The Radio Equalizer: Brian Maloney

07 March 2008

Troubled Citadel-ABC Radio Moves Forward With Imus Plan


Imus Expansion Highlights Short-Term Thinking

Does Don Imus really represent talk radio's future, or its past?

If you lean toward the latter viewpoint, you're not alone. But within what's left of the radio industry, this fossil talker is somehow seen as fit for stations nationwide, even in cities that rejected him decades earlier, if they ever carried him at all.

At 67 years old (68 in July), is this really an appropriate time to launch the crustmeister nationwide? Especially given lukewarm ratings results since his New York City return, where he once maintained a large audience, the timing is curious.

And yet, financially- troubled Citadel- ABC Radio is busy plugging Imus into places where his potential is shaky at best, including Atlanta:

Not surprisingly, Citadel, owners of the 106.7 signal, announced they are going to switch to oldies on Eagle after the NASCAR race Sunday.

So say hello, hello, to the Beatles, the Supremes and the Beach Boys. Say goodbye, goodbye to Toby Keith, Johnny Cash and Faith Hill.

And although his name was not included in the release, Don Imus will be joining True Oldies 106.7 as a syndicated host. (Oh, and NASCAR fans, no worries: the races are staying on 106.7.)

Yes, at least there, Imus will be heard on an oldies station, rather than a news/ talker. But how at this point in his career could he become newly- established in a competitive media market like Atlanta's?

Sure, much of this is about cost- cutting: the new oldies station will have no local presence anywhere in its lineup. It's also about talk radio's dried- up talent pool, however: after years of wiping out any trace of promising, up- and- coming personalities, the industry (not just Citadel) seems determined to milk every last drop out of a few tired dinosaurs.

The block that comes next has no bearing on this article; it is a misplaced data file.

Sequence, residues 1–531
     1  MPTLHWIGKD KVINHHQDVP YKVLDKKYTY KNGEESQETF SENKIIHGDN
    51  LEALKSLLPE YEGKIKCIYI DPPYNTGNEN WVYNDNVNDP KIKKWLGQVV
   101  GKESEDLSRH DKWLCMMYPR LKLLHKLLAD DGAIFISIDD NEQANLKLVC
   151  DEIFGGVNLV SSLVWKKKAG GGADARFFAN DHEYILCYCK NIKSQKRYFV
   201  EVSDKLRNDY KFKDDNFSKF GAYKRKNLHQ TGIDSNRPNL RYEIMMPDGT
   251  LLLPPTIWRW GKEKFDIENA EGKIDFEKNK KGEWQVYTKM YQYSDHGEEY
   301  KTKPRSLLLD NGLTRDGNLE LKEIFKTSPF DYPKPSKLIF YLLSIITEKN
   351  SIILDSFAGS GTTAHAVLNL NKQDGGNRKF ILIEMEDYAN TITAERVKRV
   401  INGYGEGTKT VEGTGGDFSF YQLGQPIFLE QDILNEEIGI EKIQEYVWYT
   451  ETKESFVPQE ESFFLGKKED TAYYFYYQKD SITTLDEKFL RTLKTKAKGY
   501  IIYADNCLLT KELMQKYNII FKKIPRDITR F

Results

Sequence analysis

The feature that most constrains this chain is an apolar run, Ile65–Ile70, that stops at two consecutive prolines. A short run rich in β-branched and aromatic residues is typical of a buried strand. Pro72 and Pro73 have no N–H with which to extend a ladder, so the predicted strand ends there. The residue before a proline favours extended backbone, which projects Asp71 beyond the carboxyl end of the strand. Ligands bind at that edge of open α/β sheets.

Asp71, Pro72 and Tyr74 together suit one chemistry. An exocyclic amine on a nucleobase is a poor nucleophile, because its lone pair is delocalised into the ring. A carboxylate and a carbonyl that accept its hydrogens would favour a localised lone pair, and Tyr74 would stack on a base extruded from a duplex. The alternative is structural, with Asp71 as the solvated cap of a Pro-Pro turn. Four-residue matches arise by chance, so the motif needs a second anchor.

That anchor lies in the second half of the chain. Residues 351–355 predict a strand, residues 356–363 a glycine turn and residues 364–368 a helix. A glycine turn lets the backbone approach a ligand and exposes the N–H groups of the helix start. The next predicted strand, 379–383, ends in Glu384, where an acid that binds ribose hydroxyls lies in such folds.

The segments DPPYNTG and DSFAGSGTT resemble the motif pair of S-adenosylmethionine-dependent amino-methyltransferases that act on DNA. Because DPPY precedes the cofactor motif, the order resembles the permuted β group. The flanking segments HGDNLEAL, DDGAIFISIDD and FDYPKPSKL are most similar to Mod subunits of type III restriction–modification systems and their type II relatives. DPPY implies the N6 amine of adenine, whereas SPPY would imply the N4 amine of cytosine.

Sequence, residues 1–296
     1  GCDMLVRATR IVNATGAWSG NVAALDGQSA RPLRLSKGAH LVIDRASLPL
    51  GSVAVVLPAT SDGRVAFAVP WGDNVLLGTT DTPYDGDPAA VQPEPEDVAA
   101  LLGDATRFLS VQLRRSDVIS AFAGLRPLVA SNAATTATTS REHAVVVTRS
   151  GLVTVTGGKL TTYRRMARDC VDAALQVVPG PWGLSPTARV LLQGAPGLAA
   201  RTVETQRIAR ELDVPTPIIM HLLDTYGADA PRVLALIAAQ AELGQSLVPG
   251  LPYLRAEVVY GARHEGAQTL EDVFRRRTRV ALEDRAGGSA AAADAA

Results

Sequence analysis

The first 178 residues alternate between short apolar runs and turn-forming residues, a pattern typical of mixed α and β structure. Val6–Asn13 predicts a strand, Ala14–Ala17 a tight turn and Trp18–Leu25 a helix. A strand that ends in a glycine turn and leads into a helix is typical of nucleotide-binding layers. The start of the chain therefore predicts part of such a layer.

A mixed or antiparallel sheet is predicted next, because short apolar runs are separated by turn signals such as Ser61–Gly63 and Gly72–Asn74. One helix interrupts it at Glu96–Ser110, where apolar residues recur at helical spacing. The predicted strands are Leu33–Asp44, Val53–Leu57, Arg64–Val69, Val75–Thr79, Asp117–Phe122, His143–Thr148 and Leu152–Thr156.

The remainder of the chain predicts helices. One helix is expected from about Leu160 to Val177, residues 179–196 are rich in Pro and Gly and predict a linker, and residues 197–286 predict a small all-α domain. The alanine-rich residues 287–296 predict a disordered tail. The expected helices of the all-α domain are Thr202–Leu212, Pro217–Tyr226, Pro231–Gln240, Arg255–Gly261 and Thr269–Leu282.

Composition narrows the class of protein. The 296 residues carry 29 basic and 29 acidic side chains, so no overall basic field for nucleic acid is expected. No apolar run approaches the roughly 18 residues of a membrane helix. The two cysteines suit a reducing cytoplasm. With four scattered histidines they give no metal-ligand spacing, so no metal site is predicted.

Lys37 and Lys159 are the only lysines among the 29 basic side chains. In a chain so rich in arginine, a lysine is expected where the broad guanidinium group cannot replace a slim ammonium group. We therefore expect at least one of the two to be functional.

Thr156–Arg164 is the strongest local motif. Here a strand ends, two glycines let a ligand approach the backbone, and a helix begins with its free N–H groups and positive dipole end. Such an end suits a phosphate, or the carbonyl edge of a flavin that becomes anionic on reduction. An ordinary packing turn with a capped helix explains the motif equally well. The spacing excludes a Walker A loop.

Age alone isn't the issue, actually: Rush Limbaugh ten years from now will probably sound considerably younger than Imus does now, while Bob Grant is still a pleasure to hear at almost 79 years of age. Imus is 67 going on 107, that's the difference.

But this wouldn't be a good time to syndicate Grant, so why does Citadel believe it can shove Don Imus down the throats of radio listeners nationwide?

And what does the entire industry have against developing future talent? Imagine if a major- league baseball team canned its youngest and most promising players in the name of budget cuts. That might not hurt them for a year or two, but how well would that work over the long term?

FOR New England regional talk radio updates, see our other site.

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  • Awww, Brian. You know that 10,000 hamburgers to go bit is off the HOOK! And watch out! Moby Worm will eat your school! Ha-ha-ha!

    By Blogger Brady Bonk, at 08 March, 2008 19:19  

  • Imus lost his relevance years ago, and I agree, it's not age, as Bob Grant is still extremely relevant. Imus is spent. Curtis and Kuby were beating him in the ratings in NYC when we was down the dial. Citadel is clearly out to destroy ABC.

    By Blogger PRLiz, at 10 March, 2008 12:53  

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